Threats from Outer Space
What Threats Do We Face from Outer Space?
No, we’re not talking about attacks from little green men in flying saucers. There are some very real threats that, while rare in occurrence, have the potential to do damage that is almost unimaginable in scale. It is theorized that large asteroid impacts have caused mass extinctions of most of the life on the planet on several occasions. Coronal Mass Ejections (CMEs) from the Sun have done massive damage to electrical grids and communications systems across the planet, and scientists warn that the next big one may be much worse because of our increased dependence on delicate microelectronics. Here are some of the potential threats we may face:
A great many objects orbit the sun near the earth, or periodically cross its orbit. Most of them are tiny and pose no danger. We call them “shooting stars” as they hit the earth’s atmosphere and burn up. A few are large enough to survive the passage through the atmosphere and hit the ground as meteorites. But some objects are large enough to be of serious concern. Over 800 “Potentially Hazardous Asteroids” have been identified, and more are being found all the time. Potentially Hazardous Asteroids (PHAs) are rocks larger than about 100 meters in diameter that approach within about 4,500,000 miles of the Earth. Astronomers track these objects very carefully to make sure none of them is on a collision course with our planet.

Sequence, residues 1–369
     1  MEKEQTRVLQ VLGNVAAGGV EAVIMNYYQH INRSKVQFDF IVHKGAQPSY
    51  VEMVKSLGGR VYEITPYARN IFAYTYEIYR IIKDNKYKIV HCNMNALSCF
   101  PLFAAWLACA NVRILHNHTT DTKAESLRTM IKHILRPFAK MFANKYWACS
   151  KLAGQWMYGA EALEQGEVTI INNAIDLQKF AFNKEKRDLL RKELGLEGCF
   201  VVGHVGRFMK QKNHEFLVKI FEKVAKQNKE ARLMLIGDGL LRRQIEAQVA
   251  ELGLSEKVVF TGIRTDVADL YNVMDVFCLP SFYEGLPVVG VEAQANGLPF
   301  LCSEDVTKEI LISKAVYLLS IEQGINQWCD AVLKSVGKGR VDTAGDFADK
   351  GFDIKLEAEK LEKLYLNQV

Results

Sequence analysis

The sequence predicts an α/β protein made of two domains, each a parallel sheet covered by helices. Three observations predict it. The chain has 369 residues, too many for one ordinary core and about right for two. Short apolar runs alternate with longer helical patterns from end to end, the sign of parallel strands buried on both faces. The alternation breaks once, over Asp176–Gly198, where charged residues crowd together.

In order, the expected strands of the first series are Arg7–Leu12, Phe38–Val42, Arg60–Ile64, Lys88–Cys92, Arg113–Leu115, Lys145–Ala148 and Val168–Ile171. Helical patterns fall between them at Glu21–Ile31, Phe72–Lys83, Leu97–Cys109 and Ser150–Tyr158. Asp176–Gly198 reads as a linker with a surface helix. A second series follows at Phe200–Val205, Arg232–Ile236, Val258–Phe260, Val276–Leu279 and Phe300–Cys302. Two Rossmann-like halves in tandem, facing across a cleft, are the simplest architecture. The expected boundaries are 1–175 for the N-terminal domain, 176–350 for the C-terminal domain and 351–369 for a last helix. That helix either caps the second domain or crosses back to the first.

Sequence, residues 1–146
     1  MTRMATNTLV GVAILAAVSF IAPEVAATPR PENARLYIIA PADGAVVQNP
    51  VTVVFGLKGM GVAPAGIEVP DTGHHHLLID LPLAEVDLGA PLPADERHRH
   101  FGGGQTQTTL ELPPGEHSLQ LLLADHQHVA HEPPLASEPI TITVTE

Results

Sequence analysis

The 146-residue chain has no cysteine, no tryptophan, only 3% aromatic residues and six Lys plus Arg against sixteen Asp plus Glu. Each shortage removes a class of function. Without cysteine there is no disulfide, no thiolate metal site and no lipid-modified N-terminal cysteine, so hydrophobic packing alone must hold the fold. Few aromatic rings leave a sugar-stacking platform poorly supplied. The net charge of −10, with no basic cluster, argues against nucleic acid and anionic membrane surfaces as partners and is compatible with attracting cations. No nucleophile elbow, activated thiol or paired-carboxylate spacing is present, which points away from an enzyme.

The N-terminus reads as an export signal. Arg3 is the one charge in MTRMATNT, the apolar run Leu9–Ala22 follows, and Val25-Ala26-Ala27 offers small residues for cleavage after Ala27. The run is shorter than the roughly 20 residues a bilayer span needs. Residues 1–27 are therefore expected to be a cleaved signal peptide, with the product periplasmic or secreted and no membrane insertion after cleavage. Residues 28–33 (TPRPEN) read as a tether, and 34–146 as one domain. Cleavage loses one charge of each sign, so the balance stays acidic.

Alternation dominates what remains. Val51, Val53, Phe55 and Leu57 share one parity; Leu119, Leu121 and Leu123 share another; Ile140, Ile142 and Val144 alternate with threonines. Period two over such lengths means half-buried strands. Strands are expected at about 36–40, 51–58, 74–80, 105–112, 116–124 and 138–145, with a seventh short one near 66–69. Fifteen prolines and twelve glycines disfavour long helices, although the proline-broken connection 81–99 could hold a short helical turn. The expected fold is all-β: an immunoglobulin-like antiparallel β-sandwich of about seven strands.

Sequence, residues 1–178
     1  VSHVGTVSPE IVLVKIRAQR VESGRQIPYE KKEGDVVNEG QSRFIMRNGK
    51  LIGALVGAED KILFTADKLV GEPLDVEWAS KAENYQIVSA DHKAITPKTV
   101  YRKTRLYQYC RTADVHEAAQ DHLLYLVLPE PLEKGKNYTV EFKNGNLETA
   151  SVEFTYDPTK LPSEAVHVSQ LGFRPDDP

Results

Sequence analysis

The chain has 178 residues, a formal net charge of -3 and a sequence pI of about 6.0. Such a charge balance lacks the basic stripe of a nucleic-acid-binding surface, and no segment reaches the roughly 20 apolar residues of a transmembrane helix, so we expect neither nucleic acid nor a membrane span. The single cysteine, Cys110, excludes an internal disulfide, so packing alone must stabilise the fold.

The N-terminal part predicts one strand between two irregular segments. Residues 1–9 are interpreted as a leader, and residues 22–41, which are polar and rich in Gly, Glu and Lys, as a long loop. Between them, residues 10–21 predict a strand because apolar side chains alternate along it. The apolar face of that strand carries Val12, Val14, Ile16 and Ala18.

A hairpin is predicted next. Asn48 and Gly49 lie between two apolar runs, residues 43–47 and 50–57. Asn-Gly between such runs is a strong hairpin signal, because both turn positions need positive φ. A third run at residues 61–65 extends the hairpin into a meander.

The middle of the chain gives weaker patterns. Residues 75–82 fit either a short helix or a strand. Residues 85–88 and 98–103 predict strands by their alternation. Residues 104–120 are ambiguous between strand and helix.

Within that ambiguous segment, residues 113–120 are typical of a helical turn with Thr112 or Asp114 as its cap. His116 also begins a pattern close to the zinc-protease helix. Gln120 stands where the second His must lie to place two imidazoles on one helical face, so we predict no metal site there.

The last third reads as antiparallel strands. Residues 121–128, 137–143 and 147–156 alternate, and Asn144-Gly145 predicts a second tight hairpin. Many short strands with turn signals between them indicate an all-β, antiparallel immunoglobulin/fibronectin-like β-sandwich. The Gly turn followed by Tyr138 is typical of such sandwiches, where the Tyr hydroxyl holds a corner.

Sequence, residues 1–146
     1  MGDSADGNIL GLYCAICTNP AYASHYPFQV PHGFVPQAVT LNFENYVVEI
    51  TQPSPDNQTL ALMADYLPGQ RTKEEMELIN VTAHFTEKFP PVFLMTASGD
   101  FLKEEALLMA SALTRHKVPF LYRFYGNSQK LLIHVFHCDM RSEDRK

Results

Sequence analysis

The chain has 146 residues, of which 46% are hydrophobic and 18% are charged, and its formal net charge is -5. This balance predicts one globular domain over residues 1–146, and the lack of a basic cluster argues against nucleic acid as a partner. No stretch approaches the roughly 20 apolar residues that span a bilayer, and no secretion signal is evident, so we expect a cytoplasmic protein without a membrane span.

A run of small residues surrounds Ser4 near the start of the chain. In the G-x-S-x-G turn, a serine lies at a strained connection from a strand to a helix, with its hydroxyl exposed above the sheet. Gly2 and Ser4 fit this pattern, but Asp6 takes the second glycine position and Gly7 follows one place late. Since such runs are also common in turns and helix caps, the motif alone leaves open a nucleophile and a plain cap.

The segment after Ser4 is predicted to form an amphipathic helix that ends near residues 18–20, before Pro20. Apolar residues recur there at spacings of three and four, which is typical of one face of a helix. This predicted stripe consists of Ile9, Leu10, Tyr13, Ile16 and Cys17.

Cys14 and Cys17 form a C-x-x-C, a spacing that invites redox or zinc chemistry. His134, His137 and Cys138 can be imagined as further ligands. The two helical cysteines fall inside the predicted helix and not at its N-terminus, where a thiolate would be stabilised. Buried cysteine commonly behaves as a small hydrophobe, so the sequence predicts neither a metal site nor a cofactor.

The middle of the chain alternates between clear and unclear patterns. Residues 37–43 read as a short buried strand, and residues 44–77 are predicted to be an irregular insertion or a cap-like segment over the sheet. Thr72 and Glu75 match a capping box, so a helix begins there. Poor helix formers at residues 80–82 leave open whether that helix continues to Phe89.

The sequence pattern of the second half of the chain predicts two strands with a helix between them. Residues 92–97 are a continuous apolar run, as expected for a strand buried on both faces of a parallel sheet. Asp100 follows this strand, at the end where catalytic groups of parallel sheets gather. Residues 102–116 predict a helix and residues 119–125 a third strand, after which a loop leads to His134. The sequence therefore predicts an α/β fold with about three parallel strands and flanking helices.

Comets are large balls of rock and ice with highly elliptical orbits that carry them far into the outer reaches of the solar system, then swing them back near the sun. A number of comets cross the earth’s orbit and could potentially collide with the planet at some point. Many of these are well known and have been watched by astronomers for centuries, but new ones appear frequently.
Our Sun may look peaceful from here, but up close it is a violently seething ball of burning gas that frequently launches huge fireballs of incredibly hot, electrically charged matter and radiation into space. These are called solar flares or coronal mass ejections. Thankfully, the earth’s magnetic field repels most of this matter harmlessly. We can see our planet’s natural defenses in action when auroras appear. But a large enough mass can get through, causing power outages, damaging satellites, exposing humans to dangerous radiation, and even changing weather patterns on earth.
Not only our own sun, but other stars can be potentially hazardous. Every now and then a star explodes with unimaginable force in what is called a supernova, suddenly expanding to millions of times its normal size, and giving off billions of times its normal radiation. If the star were close enough the earth could be bombarded with deadly rays.
Gamma Ray Bursts
The most luminous events known in the universe are gamma ray bursts. Their cause is not clearly understood, but they occur every few days in seemingly random locations throughout the universe. A gamma ray burst lasts only a few seconds to a few minutes, but can give off as much energy as a billion trillion suns. A gamma ray burst anywhere in our part of the galaxy could produce enough radiation to destroy all life on earth. Fortunately, no gamma ray burst has ever been detected in our galaxy.